As the Victoria Day long weekend approaches, the leaders of the Lax Kw’alaams and Metlakatla Nations are calling on Premier John Horgan to meet with them and take a stronger stance against non-essential travel to their communities.
“The Government of B.C. has simply asked the public to stay local. We want them to tell people they must stay away. We are telling visitors to stay away and may even have to demand it to keep our communities safe,” said Garry Reece, Lax Kw’alaams mayor in a joint media release with the Metlakatla First Nation.
Should Reece and Metlakatla Chief Harold Leighton deem it necessary, the Lax Kw’alaams could set up a checkpoint on their I.R. 26 Reserve lands that cross Highway 16, about 60 kilometres west of Terrace at Salvus.
The provincial highways ministry of confirmed that the province has no tenure for the highway passage through the reserve, effectively placing it within the control of the Lax Kw’alaams.
“To protect our community, we are considering setting up an information checkpoint on Lax Kw’alaams reserve on Highway 16 as early as next week,” said Reece in the joint release. “Our goal would be to educate people on why they need to stay in their own communities rather than entering Prince Rupert area unless absolutely necessary. Later, if needed, we may also set up a blockade of non-essential travel.”
The proposed checkpoint falls within the Skeena electoral district. Member of the Legislative Assembly for Skeena, Ellis Ross, said he has not spoken to Garry Reece about the issue. “It’s a bit of a grey area right, you are talking about federally managed lands versus provincial managed lands, so nobody seems to have an answer on whether it’s lawful or not.”
The joint release said that the checkpoint is not intended to restrict the movement of northwest B.C. residents or disrupt the flow of goods on Highway 16. The prospect of a hard blockade has left Terrace businesses feeling anxious due to the significant portion of business that comes from Prince Rupert.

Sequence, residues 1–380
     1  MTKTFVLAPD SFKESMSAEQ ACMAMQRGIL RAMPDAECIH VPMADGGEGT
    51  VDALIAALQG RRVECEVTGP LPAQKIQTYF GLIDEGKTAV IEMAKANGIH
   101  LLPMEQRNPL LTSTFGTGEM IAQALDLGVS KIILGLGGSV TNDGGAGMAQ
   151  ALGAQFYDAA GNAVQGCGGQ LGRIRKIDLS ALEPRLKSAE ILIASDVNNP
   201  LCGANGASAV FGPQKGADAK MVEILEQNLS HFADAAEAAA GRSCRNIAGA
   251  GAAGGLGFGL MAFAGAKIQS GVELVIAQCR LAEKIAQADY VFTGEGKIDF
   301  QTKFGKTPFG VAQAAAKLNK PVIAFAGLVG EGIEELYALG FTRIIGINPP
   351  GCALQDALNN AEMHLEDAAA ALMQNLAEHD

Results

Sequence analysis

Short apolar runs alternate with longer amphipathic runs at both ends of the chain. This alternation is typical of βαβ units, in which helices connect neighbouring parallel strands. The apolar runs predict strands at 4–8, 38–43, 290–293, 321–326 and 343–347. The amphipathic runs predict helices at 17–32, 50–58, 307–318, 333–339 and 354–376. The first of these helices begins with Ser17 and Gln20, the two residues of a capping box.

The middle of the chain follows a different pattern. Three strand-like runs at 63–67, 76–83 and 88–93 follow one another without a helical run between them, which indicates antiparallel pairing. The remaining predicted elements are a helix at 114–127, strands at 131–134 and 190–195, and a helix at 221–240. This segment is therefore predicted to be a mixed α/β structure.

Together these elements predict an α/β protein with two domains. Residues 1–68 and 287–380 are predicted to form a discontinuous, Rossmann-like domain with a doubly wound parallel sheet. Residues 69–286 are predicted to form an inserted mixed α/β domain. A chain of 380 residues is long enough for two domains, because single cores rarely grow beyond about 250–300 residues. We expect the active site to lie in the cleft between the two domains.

“I understand the business community when they’ve got to open up, plus they’ve got to figure out their own future whether or not they can stay in business. So I understand the pressure they are under,” said Ross.
“And then you also have to balance that with the fears that the smaller communities are having. It seems to be a mismatch of different amount of measures in terms of trying to protect our communities and Lax Kw’alaams’ proposal now is just another one of those measures.”
The long weekend brings with it phase two of B.C.’s Restart Plan, which includes rescheduling elective surgeries and the opening of the retail sector, restaurants, museums and more. Social distancing guidelines will still apply and most provincial parks are open for day use only.
Reece and Leighton are concerned about an influx of recreational anglers coming to their territory from other parts of B.C. and Alberta to fish. In addition to a meeting with the premier, the leaders are asking that the Government of B.C. tell people to stay local when they buy fishing licences and to assist them in asking the Department of Fisheries and Oceans not to sell saltwater fishing licences for the region to non-locals.
“We are looking at options for further discussion of these issues,” said Jen Holmwood, deputy director of communications at the premier’s office in an email.
“From a non-political stance I have to say it’s pretty tough to manage five-million people in a large geographical area, we are all spread out and it’s hard to monitor every single person,” said Ross. I think it falls to every municipal government, village government, regional district government to figure out how to protect ourselves because the B.C. Government can’t be everywhere.”
Also, the Lax Kw’alaams and Metlakatla are asking that the government consider providing more healthcare resources to the region to better manage potential COVID-19 cases.
The idea of a blockade or checkpoint was first communicated publicly by Reece on April 30, in a joint release with several other First Nations and municipal leaders in the area. On May 3, Reece said during a webinar hosted by the Council of the Haida Nation that more than 1,000 Lax Kw’alaams members, many of them elders, live in Prince Rupert and that non-essential travel to the city should be stopped.
Lax Kw’alaams is on a peninsula on the northwest coast, about 20 kilometres north of Prince Rupert with access limited to ferry or floatplane. It has resumed regular ferry service and isolation is no longer required in the community. Metlakatla is five kilometres north of Prince Rupert and is also accessible by ferry or floatplane only.
Both the Lax Kw’alaams and Metlakatla said in the release that they are looking forward to welcoming visitors to their territory when it is safe to do so.